An array in style of defensemen would help diversify the system as well as the Avs generally stick with limited defensive players or the big two-way type. A premium should be placed on puck skill as that is one of the big limitations in getting prospects to graduate from the AHL level.
As always revamping the development system should be a priority and it is important to avoid re-signing a lot of AHL level defenders to clog the system. Going after some NCAA free agents could supplement the deficit on defense as well are items that should also be on the summer to-do list.
e06: Just generally speaking are there any strengths in this draft at this point as far as types of defensemen available or areas to look?
QJK: This draft seems to be settling between two different types of defenseman; the steady two-way variety and the new era puck mover. The offense inclined defensemen used to get the puck mover label but a new type seems to have emerged where puck moving is a primary high-end strength but it’s more a defensive focus than for offense generation. This is not the draft for premium offense from defensemen and that’s why there are few projected to go high in the first round but from the mid to late first round a lot of the aforementioned puck movers will start to go off the board.
e06: Assuming for the moment that the Avs keep the 5 top 100 picks they have and they stay in the general vicinity of where they lay, who are some specific D’s that fit into that draft portfolio and why.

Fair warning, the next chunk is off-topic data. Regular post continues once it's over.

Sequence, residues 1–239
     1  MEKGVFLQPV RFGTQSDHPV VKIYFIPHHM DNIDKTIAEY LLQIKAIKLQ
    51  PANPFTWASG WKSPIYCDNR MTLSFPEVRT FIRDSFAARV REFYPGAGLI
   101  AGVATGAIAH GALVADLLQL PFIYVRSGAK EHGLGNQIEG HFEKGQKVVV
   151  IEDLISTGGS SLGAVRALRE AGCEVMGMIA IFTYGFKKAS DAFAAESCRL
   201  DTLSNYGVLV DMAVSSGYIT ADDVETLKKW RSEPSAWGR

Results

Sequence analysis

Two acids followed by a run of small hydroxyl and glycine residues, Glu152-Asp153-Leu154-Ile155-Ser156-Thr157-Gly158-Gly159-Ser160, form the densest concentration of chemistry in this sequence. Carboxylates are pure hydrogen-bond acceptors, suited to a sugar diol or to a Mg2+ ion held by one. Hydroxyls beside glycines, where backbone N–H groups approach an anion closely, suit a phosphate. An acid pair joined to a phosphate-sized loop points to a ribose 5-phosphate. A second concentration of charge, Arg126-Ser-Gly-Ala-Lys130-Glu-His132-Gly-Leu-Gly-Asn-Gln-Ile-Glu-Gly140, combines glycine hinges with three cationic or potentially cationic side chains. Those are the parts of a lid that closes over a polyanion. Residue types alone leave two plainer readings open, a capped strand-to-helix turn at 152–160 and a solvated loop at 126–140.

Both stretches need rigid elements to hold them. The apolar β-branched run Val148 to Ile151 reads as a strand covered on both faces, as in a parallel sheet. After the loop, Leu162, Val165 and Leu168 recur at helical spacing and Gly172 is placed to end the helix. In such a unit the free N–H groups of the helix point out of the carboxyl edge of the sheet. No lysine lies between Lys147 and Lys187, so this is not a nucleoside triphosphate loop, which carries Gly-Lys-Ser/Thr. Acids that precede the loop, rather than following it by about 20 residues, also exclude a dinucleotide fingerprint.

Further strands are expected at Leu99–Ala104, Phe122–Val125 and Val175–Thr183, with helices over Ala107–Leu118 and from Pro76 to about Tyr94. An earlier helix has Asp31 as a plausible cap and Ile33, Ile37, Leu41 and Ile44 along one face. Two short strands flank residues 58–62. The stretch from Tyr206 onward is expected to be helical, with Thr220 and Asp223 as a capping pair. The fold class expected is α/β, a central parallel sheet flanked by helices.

QJK: Bowen Byram should be in consideration for the Ottawa pick wherever it lands. He’s top end two-way defenseman that profiles to eat a lot of minutes do it all at the next level. He might not have premium offense in the NHL but has the puck skill and playmaking ability that will. Byram leads all defenseman in the WHL with 18 goals and is having an excellent season. If anyone projects as a long term Erik Johnson replacement it’s him.
With the Avalanche pick and on through the second round there’s a whole group that would fit well into the Avalanche system as higher level talent with puck skill. Philip Broberg would be a steal past the middle of the first round as a blazing skater and great puck mover.
Matthew Robertson is the more big physical and defensive variety but has scored 22 points in 34 games in the WHL and could be another solid two-way option.
Ryan Johnson is a smart steady puck mover as well who doesn’t have big production in the USHL but flashed at the WJAC. He’s committed to Minnesota and the Avs could tandem him with fellow prospect Sampo Ranta.